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"That's Mike Carr on organ, if you ever get the chance to tour with him do it, you will have a ball."

EDDIE LOCKJAW DAVIS talking to BENNY CARTER

PRESS

LIVE AT RONNIESI am about to make one of those very controversial statements that will cause an uproar. Opinions will immediately become polarised. Shovels will be taken out of garden sheds to enable entrenched positions to be dug. Decent folks' children will be forbidden to play with mine. The club may well be picketed by irate Jimmy Smith fans, whilst armies of Richard 'Groove' Holmes fans may seek to pay cash for questions to be asked in the House of Commons.

Anyhow, here goes (deep breath)... Mike Carr is the best jazz organist in the world.

I know that it seems improbable the bald, overweight (as I myself am both, I can say this with impunity) Tynesider (or should it be Teesider?) should, in the opinion of your humble servant, out class the two above-mentioned legends of the Hammond, but there it is. For me, he does.

Michael Anthony Carr is a phenomenon. He is not simply a pianist who plays a bit of organ or vice versa. He is a fine swinging bop pianist and a world class organist. I could also mention vibes and marimba an his not inconsiderable oeuvre as a composer, but it is as a jazz organist that he stands above the others, a fact remarked upon by no less a personage than Oscar Peterson, just one of the many American jazz greats who found themselves amazed by Mike.

Mike moved to London some decades ago. Prior to his arrival in the metropolis, he was the influential leader of the jazz scene in the North East playing with the Emcee Five - drummer Ronnie Stevenson, bassist Malcolm Cecil, the great tenor saxophonist Gary Cox and trumpeter, brother Ian.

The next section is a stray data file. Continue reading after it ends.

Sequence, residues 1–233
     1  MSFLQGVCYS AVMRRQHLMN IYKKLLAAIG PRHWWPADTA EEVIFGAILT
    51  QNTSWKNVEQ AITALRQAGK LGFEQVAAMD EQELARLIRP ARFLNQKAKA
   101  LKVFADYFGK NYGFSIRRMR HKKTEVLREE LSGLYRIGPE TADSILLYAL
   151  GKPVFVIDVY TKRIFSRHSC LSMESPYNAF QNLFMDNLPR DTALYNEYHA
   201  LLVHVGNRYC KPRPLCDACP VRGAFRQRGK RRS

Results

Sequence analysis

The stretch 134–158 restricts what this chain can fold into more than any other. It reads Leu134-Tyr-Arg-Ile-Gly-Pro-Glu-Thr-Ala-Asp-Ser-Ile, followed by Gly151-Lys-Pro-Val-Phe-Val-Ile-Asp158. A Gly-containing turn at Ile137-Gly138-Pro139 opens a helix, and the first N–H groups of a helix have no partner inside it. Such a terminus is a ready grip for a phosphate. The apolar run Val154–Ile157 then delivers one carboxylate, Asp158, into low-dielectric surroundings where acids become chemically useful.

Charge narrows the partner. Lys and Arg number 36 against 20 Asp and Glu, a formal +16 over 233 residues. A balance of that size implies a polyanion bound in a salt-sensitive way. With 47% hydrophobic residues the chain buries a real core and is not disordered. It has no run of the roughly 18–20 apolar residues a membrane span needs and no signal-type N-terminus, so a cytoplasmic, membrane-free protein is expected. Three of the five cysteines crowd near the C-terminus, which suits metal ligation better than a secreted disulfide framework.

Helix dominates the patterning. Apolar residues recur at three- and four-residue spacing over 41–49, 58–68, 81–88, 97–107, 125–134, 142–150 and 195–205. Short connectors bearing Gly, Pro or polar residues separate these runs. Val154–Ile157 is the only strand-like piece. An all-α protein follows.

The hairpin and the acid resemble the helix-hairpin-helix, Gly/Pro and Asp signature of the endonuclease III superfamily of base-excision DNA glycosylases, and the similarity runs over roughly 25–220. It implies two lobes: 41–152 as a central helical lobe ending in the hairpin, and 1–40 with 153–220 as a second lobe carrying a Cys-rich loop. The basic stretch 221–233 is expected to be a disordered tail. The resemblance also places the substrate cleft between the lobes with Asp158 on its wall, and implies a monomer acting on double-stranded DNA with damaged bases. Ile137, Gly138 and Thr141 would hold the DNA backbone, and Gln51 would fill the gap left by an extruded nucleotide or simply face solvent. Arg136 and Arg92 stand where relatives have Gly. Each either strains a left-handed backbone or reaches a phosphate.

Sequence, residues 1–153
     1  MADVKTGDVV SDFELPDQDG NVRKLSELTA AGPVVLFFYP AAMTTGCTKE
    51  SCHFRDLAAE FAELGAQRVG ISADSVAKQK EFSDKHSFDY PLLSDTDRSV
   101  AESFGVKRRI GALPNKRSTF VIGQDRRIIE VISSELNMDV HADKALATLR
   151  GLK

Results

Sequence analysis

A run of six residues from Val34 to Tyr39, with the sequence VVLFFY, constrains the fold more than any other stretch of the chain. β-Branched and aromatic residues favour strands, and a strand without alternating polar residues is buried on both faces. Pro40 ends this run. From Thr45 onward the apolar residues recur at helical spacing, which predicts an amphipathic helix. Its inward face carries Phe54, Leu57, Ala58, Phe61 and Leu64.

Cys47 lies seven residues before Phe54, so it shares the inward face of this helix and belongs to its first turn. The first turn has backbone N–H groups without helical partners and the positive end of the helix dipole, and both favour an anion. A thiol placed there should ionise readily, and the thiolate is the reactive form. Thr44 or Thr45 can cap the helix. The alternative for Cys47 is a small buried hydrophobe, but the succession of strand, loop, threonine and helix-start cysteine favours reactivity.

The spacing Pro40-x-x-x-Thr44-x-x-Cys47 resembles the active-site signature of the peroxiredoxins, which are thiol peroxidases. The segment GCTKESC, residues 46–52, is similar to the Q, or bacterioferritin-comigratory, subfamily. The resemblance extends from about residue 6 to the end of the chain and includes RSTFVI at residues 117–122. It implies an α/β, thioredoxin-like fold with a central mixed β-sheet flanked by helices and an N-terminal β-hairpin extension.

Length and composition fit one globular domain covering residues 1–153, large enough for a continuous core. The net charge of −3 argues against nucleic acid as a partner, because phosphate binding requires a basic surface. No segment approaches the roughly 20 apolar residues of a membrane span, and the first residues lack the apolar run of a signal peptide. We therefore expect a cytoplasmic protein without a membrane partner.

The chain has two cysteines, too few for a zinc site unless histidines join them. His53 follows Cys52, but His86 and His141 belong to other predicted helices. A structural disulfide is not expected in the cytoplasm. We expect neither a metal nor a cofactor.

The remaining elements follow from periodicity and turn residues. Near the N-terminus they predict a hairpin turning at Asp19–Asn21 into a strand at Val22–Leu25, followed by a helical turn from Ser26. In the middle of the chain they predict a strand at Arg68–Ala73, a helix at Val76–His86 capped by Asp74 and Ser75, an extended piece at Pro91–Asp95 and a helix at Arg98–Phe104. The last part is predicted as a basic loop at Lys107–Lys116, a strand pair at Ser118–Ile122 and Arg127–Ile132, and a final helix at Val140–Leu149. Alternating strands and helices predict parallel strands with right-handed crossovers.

He became a member of the Ronnie Scott Trio, firstly with drummer Tony Crombie and then with the late Bobby Gien, which was a force for about five years, playing regularly and with great popularity at the club. They also played very successfully all over the world, including a concert at New York's Carnegie Hall.

Mike also had a wonderful group featuring Dick Morrissey and Jim Mullen and accompanied an impressive list of visiting American firemen.

Personal tragedy struck in the mid seventies. Mike's wife died suddenly at an improbably young age, leaving him to bring up two small children singlehandedly. As if that were not enough, one of the children, his daughter Julie, was born disabled by cerebral palsy. Mike cared for and looked after her with such tender love, that his own career had to suffer. At that time he was poised, in my view, on the brink of an international breakthrough. He gave it no second thought. He simply looked after Julie, confining himself to domestic gigs to pay the rent.

At all events back to my original premise. Why do I think so highly of his organ playing? Well, for a start, he swings like mad. Secondly he uses the whole of the instrument, keyboards, stops and pedals, with great independent technique. You would be amazed at how many so-called top American exponents chicken out of trying to exploit all the possibilities of the instrument. It can be quite nerve-wracking to try to play a well-constructed solo with your right hand, while comping accurately with your left, and keeping up a rhythmic and harmonically correct bass line with your feet.

Finally, and to me, most importantly, he plays wonderful jazz more influenced by the great tenor or trumpet players than by other organists. The result of this is that you get a coherently constructed piece of music rather than the tricksy indecipherable mess that most organists churn out. His solos are more informed by Hank Mobley than by Jimmy Smith... and all the better for it.